A power of trouble is heading Canberra's way, thundering down the highway in converging convoys of road trains, campervans and cars, gathering in the streets and in Parliament, and growing in volume across Australia's suburbs.

Prime Minister Julia Gillard and her fragile minority Labor Government are the prime target, but polling also indicates that Opposition leader Tony Abbott and the Coalition are preferred more by default than merit.

The protest, dubbed by some local media as Australia's version of America's conservative Tea Party, will begin rumbling thousands of kilometres across the nation in a "convoy of no confidence".

Starting from Port Hedland in West Australia's north, everything from road trains to motorcycles will join from 11 kick-off points in a display of rural anger at policies ranging from the carbon tax and meddling with live animal exports to asylum seekers, food imports, bungled federal programmes and gay marriage.

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When it arrives in Canberra on Monday, the convoy will tell Gillard her Government no longer has a mandate and demand she dissolve Parliament for a new election. She is unlikely to agree, but it will be a daunting reminder of the nation's anger.

And according to the latest poll, faith in the leadership is so exhausted that voters would rather resurrect the premiership of Foreign Minister Kevin Rudd and former Coalition leader Malcolm Turnbull to handle a financial crisis than trust in Gillard or Abbott.

As polling now stands, Labor would be crushed by a Coalition landslide. On the basis of the Nielsen poll published in Fairfax newspapers yesterday, Labor would lose 35 of its 72 seats if an election was held now, the Sydney Morning Herald reported.

Gillard is hanging tough, having negotiated attenuated versions of a number of the priorities nominated after the last election, including the mining tax, hospital reform, the carbon tax now moving through Parliament, and action on asylum seekers, even if based on a refugee swap with Malaysia and reopening the former Coalition Government's detention centre on Papua New Guinea's Manus Island.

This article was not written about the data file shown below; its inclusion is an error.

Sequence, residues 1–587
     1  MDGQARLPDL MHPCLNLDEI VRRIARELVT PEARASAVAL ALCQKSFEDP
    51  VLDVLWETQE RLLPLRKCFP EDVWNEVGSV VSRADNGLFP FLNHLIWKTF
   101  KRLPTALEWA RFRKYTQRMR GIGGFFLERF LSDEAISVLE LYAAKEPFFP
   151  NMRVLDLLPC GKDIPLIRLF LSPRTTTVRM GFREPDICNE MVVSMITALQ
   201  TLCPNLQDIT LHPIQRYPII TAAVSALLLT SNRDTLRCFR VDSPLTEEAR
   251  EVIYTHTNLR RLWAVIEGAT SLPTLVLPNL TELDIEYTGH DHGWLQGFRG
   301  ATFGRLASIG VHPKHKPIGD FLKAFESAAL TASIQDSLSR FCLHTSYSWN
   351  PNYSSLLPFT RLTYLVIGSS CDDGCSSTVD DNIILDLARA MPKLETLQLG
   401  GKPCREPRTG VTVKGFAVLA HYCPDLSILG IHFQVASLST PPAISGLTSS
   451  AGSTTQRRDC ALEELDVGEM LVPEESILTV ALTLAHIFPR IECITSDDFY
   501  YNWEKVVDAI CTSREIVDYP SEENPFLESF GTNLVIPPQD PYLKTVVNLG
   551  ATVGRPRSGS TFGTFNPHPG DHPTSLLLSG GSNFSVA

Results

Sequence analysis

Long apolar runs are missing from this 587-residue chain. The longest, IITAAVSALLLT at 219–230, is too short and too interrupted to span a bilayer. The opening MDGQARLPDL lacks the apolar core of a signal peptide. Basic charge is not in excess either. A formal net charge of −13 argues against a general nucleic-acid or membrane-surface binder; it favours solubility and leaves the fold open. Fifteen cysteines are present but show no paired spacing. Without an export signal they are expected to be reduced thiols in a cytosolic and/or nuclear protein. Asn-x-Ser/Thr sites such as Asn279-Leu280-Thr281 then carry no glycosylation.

Gillard has also added aged care reforms and a proposed national no-fault disability insurance scheme to list she hopes will gradually gain traction and save the Government at the 2012 election.

In the Nielsen poll Labor's primary vote nudged up 2 per cent to 28 per cent - still 10 points down on its election performance - while the Coalition's has slipped three points to 48 per cent.

On the two-party preferred vote that decides elections, the Coalition is well ahead, by 58 per cent to 42 per cent.

Similar results came yesterday in the latest telephone Morgan Poll, which showed the Opposition leading Labor by 57 per cent to 43 per cent.

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Gillard has gained on Abbott as preferred Prime Minister - now trailing by only three points - but more than half of voters disapprove of the way both leaders are handling their jobs.

And should a new global financial crisis break, voters want neither in the job: 29 per cent were for both Rudd and Turnbull, 21 per cent for Abbott and 15 per cent for Gillard.

Key issues bedevil both party leaders. Neither has won the nation over on climate change proposals and both Morgan and Nielsen reported continued rejection of a carbon tax.

Other issues, such as same-sex marriage, are uncomfortable for both parties: organisers of a national marriage day rally are expecting more than 1000 opponents of gay wedlock at Parliament House today.

The suburbs are hurting, with little faith in politicians to find a way out.

Morgan said only 42 per cent of Australians thought the nation was heading in the right direction, and a survey by the Australian Council of Social Service said community and social service organisations could not cope with soaring demand.

Tens of thousands of people were being turned away as appeals for aged care leaped 128 per cent in the past year, and demand from the homeless and for financial support and emergency relief increased by between 20 and 50 per cent.

New cost of living figures added to the gloom. "Most people do not need these figures to remind them what they see every time they go to the supermarket or open their power bill," Australian Council of Trade Unions president Ged Kearney said.